beable: (the paper)

From: [personal profile] beable



The Valve handbook makes me 30% convinced that it would be an awesome place to work, 40% convinced that it's a very dudebro culture' and 100% convinced that I do not want to be their sysadmin.


From: [identity profile] dagibbs.livejournal.com


I think more geekbro than dudebro. But, yep, lots and lots of bro.

I worry in the "stack ranking" that inherent biases will creep in to the ranking a LOT. Anyone not white-male-geeky will not get their skills and contributions appropriately valued. I also worry that extroverts will be greatly favoured over introverts... the ones that market what they've done, rather then the people who've actually done stuff.

From: [identity profile] ironphoenix.livejournal.com


Yes, the origins of the manual are easy to see; it's unsurprising that the manual would be written by the people most self-confident about expressing themselves authoritatively in English.

I can easily see rankings degenerating into Lord of the Flies as a worst case; non-EWMGs (extrovert white male geeks) could easily be talked over, or even have their work appropriated. It would be very interesting to look at a list of present and past employee demographics, and their tenure at the company: problems in this area would be pretty apparent.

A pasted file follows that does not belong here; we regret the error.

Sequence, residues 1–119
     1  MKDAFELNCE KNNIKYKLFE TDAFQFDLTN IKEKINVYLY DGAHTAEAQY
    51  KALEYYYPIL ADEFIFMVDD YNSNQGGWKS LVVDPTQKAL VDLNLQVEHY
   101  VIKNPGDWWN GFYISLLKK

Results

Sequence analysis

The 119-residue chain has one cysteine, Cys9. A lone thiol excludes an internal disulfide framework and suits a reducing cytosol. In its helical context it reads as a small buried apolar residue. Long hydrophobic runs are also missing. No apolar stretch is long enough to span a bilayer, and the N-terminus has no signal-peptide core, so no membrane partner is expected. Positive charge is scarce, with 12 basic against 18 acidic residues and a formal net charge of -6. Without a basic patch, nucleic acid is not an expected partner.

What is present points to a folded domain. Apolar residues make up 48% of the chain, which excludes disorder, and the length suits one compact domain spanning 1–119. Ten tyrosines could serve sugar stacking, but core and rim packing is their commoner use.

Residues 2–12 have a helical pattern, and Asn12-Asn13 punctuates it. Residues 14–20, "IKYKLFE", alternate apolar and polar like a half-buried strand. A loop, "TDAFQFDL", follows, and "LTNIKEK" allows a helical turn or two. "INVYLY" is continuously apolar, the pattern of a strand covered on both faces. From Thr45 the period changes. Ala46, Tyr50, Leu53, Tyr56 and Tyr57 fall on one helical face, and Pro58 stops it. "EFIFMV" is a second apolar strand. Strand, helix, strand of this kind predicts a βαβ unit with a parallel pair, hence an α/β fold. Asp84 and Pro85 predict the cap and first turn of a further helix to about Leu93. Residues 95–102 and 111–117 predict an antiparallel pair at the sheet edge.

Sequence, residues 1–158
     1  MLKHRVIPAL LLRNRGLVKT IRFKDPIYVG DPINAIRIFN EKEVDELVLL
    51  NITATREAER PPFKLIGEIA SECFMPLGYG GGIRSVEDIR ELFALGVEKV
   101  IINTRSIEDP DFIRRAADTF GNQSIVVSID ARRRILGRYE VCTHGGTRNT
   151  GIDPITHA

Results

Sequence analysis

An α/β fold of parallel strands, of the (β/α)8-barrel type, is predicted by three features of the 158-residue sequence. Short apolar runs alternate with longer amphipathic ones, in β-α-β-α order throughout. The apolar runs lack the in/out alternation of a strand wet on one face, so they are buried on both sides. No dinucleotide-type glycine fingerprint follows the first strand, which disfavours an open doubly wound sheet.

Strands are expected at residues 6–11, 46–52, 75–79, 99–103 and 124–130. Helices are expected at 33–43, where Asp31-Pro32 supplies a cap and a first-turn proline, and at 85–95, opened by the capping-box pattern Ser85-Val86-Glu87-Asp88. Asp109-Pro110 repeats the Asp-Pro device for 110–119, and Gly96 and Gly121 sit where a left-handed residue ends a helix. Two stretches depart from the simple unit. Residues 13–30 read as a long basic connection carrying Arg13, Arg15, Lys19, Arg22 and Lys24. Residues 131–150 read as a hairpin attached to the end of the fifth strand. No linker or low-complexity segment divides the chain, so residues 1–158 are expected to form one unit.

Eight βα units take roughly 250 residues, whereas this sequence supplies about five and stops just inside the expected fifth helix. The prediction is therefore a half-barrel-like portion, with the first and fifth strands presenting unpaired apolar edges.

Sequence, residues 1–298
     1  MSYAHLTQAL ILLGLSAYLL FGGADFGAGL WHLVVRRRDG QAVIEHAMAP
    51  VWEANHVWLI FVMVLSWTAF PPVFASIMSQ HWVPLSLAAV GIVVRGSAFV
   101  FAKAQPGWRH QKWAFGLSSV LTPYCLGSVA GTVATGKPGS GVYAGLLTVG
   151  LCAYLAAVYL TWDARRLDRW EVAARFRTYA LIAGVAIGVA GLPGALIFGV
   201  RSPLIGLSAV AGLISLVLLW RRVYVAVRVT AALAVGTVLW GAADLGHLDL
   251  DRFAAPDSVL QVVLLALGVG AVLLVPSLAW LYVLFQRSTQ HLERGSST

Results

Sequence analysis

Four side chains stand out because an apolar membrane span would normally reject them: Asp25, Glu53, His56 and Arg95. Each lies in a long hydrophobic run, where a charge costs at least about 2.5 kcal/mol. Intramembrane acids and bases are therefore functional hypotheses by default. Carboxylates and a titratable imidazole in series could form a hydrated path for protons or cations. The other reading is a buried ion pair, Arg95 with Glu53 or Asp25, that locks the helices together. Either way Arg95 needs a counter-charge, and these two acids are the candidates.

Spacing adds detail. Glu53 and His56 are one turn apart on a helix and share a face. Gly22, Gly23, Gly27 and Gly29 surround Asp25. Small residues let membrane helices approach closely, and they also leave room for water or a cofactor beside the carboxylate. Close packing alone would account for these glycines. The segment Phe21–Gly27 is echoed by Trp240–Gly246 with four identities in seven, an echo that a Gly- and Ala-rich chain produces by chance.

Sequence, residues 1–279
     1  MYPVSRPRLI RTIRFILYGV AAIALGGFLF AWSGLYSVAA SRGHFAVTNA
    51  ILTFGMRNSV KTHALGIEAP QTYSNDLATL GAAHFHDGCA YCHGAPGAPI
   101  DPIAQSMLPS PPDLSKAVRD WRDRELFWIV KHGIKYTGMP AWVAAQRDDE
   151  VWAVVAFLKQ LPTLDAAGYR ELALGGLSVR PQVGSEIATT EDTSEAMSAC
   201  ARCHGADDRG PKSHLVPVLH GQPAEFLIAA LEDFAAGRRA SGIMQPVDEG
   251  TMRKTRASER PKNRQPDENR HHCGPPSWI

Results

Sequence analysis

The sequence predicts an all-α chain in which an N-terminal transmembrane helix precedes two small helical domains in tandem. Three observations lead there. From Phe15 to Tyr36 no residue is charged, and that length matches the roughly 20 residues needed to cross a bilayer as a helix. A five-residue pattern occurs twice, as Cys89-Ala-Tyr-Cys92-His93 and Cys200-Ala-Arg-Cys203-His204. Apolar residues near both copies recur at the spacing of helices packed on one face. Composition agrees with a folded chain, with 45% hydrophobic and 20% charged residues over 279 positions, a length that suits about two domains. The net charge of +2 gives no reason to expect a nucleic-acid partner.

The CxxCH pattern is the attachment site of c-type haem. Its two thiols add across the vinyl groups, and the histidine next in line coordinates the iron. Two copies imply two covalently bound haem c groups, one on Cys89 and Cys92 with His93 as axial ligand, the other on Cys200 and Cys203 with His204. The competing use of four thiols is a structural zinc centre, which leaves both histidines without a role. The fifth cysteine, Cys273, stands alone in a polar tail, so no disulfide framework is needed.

Enlightened self-interest, on the other hand, could see the group recognizing that diversity is something to invest in, and hiring not only diverse people, but people skilled in facilitating diversity, shaping culture and interactions for inclusiveness and equity.

From: [identity profile] ironphoenix.livejournal.com


The thing with being their sysadmin would be that on the one hand, they aren't obligated to play nice with the sysadmin, but on the other, the sysadmin isn't obligated to be the sysadmin for people who refuse to play nice. There can be a negotiation there. The enlightened would figure out that a few restrictions are worth accepting in exchange for a good sysadmin's services.

It could be an awesome place to work, or not, depending on the people, even more than in most organizations.

On culture, see below soon!

From: [identity profile] dagibbs.livejournal.com


"The good news is, it won’t have anything against you personally."

Unless, of course, the data-set that was used to train the neural-network AI has a bias against you. Ok, it may not be personal, but it could still be discriminatory.
.

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